John F. Kennedy was the first to use a jet specifically designed for the US president. It had the tail number 26000.
The Boeing 707 included a living room, bedroom, bathroom, and kitchen.
Raymond Loewy designed the plane’s blue and white exterior.
The plane’s design featured an American flag on the tail and presidential seals on the nose.
After Kennedy’s assassination, President Lyndon B. Johnson was sworn in on Air Force One.
It marked the first and only time a presidential swearing-in ceremony took place on an airplane.
Johnson met with Cabinet members on the presidential aircraft in 1966 in a small seating area.
The small alcove was decorated with a globe decal on the wall and curtains lining the windows.
In 1972, Richard Nixon was the first president to use the Boeing 707 plane with tail number 27000 as Air Force One.
Nixon stood behind the plane’s bar while meeting with military and civilian leaders en route to Vietnam.
When President Gerald Ford took office after Nixon resigned, seats in the rear cabin were upholstered with striped fabric.
Presidents would occasionally make their way back to the rear cabin to chat with reporters.
Ford’s office, just off the stateroom, also featured striped furniture.
Ford is pictured with Candice Bergen, the first female photographer to shoot a behind-the-scenes story on an American president.
President Jimmy Carter outfitted the press area with blue carpeting.
Carter talked to reporters on his way back from a trip to Europe in 1978.
President Ronald Reagan used 27000 as his primary presidential aircraft.
Reagan met with Secretary of State George P. Shultz and national security advisor-designate Robert McFarlane in a meeting space that featured a magazine rack, teal chair, wood grain table, and photos of him and first lady Nancy Reagan.
Reagan also hung pictures of himself in Air Force One’s rear cabin.
The photos show Reagan toasting with a champagne glass and waving while boarding Air Force One.
New blue striped curtains matched the blue carpeting and furniture in another meeting area.
The meeting room also included a television set.
In 1990, George H. W. Bush began using new Boeing 747 planes with tail numbers 28000 and 29000 as Air Force One.
The presidential office was updated with a stately desk, gray carpeting, and leather chairs.
The staff and secretarial area was decorated with neutral whites and grays.
The staff area featured plenty of phones for official business. Air Force One is also known as the “flying Oval Office.”
The new plane’s annex could also be configured for medical use.
The annex is pictured in executive configuration, with seating for meetings.
The new planes featured over 4,000 square feet of space, which President Bill Clinton often used to hold meetings.
Clinton met with a delegation from North and South Dakota to address flooding in the area.
In the guest area, Clinton’s Air Force One featured tan chairs and blue carpeting.
Clinton met with members of Congress to discuss nuclear waste management in 1999.
President George W. Bush flew 27000 one last time in August 2001 before it was retired to the Ronald Reagan Presidential Library.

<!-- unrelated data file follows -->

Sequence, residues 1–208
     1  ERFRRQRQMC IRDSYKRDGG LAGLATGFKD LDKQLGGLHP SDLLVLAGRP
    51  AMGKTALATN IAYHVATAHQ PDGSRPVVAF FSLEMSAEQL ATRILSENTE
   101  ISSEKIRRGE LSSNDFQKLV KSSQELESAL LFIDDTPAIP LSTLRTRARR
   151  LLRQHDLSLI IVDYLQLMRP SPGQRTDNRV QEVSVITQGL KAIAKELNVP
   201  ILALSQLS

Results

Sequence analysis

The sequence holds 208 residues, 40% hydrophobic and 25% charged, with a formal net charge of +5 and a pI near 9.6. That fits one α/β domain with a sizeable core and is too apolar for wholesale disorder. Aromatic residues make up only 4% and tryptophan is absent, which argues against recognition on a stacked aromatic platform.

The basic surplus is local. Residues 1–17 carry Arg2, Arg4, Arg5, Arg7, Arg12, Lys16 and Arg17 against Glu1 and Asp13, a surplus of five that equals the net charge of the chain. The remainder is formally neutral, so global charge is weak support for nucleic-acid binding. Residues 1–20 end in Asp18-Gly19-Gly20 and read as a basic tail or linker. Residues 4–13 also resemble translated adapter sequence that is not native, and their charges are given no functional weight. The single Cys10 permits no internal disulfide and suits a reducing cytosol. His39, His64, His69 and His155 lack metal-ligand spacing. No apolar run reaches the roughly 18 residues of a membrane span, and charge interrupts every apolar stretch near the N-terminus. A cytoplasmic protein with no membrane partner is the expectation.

The plane flew 444 missions adding up to over 1 million miles.
When the World Trade Center and Pentagon were attacked on September 11, 2001, the Secret Service kept Bush in the air aboard the new Air Force One.
Bush insisted on returning to Washington, but the Secret Service refused since they were unsure if more attacks were coming.
Assistant White House press secretary Gordon Johndroe described Air Force One that day as “the safest and most dangerous place in the world at the exact same time.”
Bush conferred with chief of staff Andy Card in his stateroom, designed by Nancy Reagan.
The president’s suite included a small bed, light pink couch and carpeting, and a desk with a brown leather chair.
Bush walked down a hallway arm-in-arm with Harriet Miers, assistant to the president and staff secretary.
The hallway was lined with a beige couch with side tables and lamps on either side.
When President Barack Obama took office, Air Force One’s conference room had been updated with a television screen and brown leather chairs.
The plane has 85 phone lines as well as encryption and scrambling devices to ensure secure communication.
On the other side of the conference room, a decal that read “Air Force One” was displayed on wood paneling.
The food and drinks are provided by the plane’s galley kitchen.
The plane’s senior staff room featured more phones, a coat closet, and leather chairs.
Obama met with chief of staff Jack Lew, senior advisors David Axelrod and David Plouffe, and former president Bill Clinton in the senior staff room in 2012.
The presidential office furniture was also updated, with mahogany chairs and sofas replacing the gray.
The carpeting was also updated with a subtle star pattern, which also appears in the conference room.
The plane’s guest section was reserved for special visitors like members of Congress.
The chairs feature a subtle polka-dot pattern, and the tables fold down to make more space.
The rear cabin for press looked just like a standard commercial airliner.
Journalists can wander the rear cabin freely, but they aren’t allowed to walk forward to speak to the president — the president has to come back to them.
President Donald Trump proposed new paint colors for the exterior of Air Force One in 2019.
New Air Force One planes are expected to replace the current aircrafts by 2024 as part of the Air Force’s Presidential Aircraft Recapitalization program. Trump proposed a red, white, and navy blue color scheme for the new models.
For now, the current baby blue color scheme remains.
When asked if President Joe Biden would change Trump’s planned color scheme for Air Force One, White House press secretary Jen Psaki told reporters, “I can confirm for you here the president has not spent a moment thinking about the color scheme of Air Force One.”